Even the menu is old. The bar’s tiny kitchen still serves the same hamburgers that a guidebook author called “peerless” in 1959.
That history is important, says Ken Lustbader, one of the founders and directors of the NYC LGBT Historic Sites Project, which successfully nominated Julius’ to the National Register of Historic Places in 2016.
“It’s what a community space should look like…you get to meet some of our queer elders and have conversations with people who have been in that same seat for 30 years or more. And I think that’s something to embrace.” —Jason Rosenberg, member of ACT UP and Julius’ patron
“Julius’ is authentic,” he says. “You go to Julius’ and you’re in a physical space that would be recognizable to someone who went there in the early twentieth century. So, in some ways you’re time-traveling. It enables you to go in there and know that there were so many people who came before you, and that history was made in this location that changed the trajectory of LGBT rights…that’s the wonder of it.”
ACT UP, the long-running queer activist group, hosts an annual fundraiser at Julius’, bringing in a DJ and decking the bar with ACT UP buttons, flyers and signs.
“It’s my favorite bar,” says Jason Rosenberg, a member of ACT UP who’s been visiting Julius’ for about five years. “It’s one of the few queer bars that have stuck to its roots of serving the community and actually investing its time and energy in the community.”
The bar’s widely beloved owner, Helen Buford, donates to the organization every year. She also opens Julius’ doors wide on Thanksgiving and Christmas, serving a buffet dinner for anyone who might want to spend the holiday there.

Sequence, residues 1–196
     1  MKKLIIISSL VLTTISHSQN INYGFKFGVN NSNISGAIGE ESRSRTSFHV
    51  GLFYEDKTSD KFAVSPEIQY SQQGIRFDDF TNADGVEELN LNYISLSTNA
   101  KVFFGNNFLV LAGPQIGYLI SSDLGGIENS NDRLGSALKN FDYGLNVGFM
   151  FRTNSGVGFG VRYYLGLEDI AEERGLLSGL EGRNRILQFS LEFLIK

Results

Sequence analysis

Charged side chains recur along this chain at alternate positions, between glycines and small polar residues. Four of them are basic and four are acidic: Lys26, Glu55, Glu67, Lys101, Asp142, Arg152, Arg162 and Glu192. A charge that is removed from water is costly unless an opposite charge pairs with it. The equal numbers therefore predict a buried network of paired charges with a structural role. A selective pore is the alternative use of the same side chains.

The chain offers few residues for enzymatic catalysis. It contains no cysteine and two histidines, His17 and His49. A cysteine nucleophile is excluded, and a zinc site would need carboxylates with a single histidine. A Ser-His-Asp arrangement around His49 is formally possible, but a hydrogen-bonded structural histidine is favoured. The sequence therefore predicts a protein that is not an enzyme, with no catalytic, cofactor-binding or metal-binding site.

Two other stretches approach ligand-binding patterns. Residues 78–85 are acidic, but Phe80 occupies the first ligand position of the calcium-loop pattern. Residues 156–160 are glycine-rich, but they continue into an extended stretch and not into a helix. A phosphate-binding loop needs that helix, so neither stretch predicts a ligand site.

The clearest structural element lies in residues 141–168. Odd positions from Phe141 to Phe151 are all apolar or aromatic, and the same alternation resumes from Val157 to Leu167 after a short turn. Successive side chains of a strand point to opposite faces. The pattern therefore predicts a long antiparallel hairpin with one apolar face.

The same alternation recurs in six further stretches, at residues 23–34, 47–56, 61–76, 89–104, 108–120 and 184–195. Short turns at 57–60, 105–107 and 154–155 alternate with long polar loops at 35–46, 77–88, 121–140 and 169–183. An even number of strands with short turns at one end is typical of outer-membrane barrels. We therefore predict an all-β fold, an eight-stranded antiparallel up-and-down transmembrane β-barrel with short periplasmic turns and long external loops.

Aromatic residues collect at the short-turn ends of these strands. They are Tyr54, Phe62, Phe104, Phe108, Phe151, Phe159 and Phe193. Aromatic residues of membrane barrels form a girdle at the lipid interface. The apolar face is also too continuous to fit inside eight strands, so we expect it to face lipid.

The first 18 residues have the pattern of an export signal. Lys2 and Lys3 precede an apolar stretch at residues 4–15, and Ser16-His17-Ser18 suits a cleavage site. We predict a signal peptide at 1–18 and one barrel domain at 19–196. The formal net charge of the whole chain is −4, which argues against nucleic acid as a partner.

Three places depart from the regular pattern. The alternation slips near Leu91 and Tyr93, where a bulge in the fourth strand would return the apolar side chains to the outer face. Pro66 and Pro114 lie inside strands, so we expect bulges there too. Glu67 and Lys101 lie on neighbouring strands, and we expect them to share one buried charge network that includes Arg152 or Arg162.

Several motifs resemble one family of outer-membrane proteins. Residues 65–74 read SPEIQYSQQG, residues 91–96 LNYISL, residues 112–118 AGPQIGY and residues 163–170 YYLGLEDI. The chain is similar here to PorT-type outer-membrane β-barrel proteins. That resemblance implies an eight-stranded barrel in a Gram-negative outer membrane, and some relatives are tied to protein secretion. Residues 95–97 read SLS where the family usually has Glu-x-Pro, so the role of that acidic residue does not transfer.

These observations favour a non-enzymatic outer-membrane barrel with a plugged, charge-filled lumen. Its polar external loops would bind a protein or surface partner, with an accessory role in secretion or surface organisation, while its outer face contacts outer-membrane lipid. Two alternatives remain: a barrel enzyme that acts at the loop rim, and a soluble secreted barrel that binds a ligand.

“It’s what a community space should look like,” says Rosenberg. Plus, he adds, “you get to meet some of our queer elders and have conversations with people who have been in that same seat for 30 years or more. And I think that’s something to embrace.”
In 1966, at the time of the Sip-In, Julius’ had been a popular gay haunt for close to a decade—one 1964 write-up describes it, euphemistically, as drawing “an amazing quantity of attractive men, theater notables.” But it was far from an openly gay bar, as the Mattachines Sip-In illustrated. Their protest called for recognition—it was, in a sense, the first public claim to Julius’ as a gay space. Their protest called for recognition. It was, in a sense, the first public claim to Julius’ as a gay space.
Today, 54 years later, they have definitively won. Julius’ big windows face onto the street, the bar’s unofficial historian and long-time regular Tom Bernardin points out. They are open, inviting; they hide nothing. And this month, for Pride, they are decorated with long paper chains of rainbow hearts.
“We need it,” says Bernardin, when asked about what makes Julius’ special. “Marriage equality, the Supreme Court [ruling], all of that’s great news. But we need a place to be able to talk.”